Victorian brown coal ‘unlikely’ to succeed

A new report suggests that Victoria’s brown coal industry is ‘unlikely’ to suceed pointing to low quality coal and transport costs.

A new report suggests that Victoria’s brown coal industry is ‘unlikely’ to suceed pointing to low quality coal and transport costs.

The report commissioned by Environment Victoria says that it is unlikey ‘a large scale coal export project will be financially viable under current circumstances.’ 

The report goes on to say that due to the coal’s low quality it is expensive to transfer and warns that ‘any attempt to develop a major export industry is a gamble..’.

The analysis also found that any plans by the government to open up coal fields in the Latrobe Valley would do little in the way of creating jobs.

However, Victorian Energy Minister Michael O'Brien was sceptical of the findinigs stating that any report commissioned by the green group could not be taken seriously due to its ''political and irrational opposition to clean coal technology,'' SMH reported.

The Victorian Department of Primary Industries (DPI) says there is a proven resource potential of 430 billion tonnes of coal located in the state, which is a significant proportion of the world’s stores of brown coal.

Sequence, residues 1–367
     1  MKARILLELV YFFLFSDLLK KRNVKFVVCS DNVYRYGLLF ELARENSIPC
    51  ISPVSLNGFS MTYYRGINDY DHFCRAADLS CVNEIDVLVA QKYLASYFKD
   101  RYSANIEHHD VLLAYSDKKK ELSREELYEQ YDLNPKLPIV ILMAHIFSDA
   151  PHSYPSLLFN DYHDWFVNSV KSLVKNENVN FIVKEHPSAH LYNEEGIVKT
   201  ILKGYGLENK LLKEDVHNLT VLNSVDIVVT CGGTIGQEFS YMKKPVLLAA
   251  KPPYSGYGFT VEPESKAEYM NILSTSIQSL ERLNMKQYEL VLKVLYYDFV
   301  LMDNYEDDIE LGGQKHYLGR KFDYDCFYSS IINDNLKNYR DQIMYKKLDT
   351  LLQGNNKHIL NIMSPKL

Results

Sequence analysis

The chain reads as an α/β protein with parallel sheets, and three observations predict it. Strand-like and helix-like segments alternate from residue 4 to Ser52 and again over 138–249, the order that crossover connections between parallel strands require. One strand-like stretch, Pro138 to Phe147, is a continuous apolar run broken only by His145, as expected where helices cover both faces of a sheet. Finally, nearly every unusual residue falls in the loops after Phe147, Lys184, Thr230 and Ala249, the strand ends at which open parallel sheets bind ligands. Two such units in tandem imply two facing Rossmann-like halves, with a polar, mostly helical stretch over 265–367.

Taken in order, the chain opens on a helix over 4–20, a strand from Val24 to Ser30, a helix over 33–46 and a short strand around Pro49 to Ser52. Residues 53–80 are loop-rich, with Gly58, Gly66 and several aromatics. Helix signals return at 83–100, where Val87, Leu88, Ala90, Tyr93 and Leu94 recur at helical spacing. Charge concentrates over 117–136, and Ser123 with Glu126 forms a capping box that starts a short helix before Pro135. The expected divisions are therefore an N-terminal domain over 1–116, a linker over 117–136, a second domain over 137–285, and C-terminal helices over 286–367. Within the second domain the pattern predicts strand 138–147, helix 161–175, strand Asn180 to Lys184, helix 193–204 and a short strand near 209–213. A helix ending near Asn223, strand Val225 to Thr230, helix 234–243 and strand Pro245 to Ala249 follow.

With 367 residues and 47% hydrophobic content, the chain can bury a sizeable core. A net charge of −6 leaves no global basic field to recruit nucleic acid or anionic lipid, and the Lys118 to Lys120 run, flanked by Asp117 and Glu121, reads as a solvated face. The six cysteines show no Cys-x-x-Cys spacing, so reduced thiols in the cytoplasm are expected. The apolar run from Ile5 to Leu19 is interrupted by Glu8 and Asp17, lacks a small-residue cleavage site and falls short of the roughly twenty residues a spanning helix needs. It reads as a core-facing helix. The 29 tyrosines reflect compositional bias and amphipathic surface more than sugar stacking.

IBISWorld figures show Victoria has a quarter of the world’s brown coal reserves, 90 per cent of which are in the Latrobe Valley.

About half of the brown coal is deemed to be “potentially economic” and the Victorian Government has not yet allocated about 13 billion tonnes of it to potential developers.

The development of a major coal industry in Victoria has come under fire by The Greens since it was announced in March.

Greens MP Adam Bandt has accused the Victorian premier of being an ‘environmental vandal’.

"Scientists have told us we need to be decarbonising the economy by the middle of the century, meanwhile, Ted Baillieu has got his foot on the accelerator in the other direction," Bandt said.

The Greens say they will look at what action can be taken by the Federal government to slow down the push.

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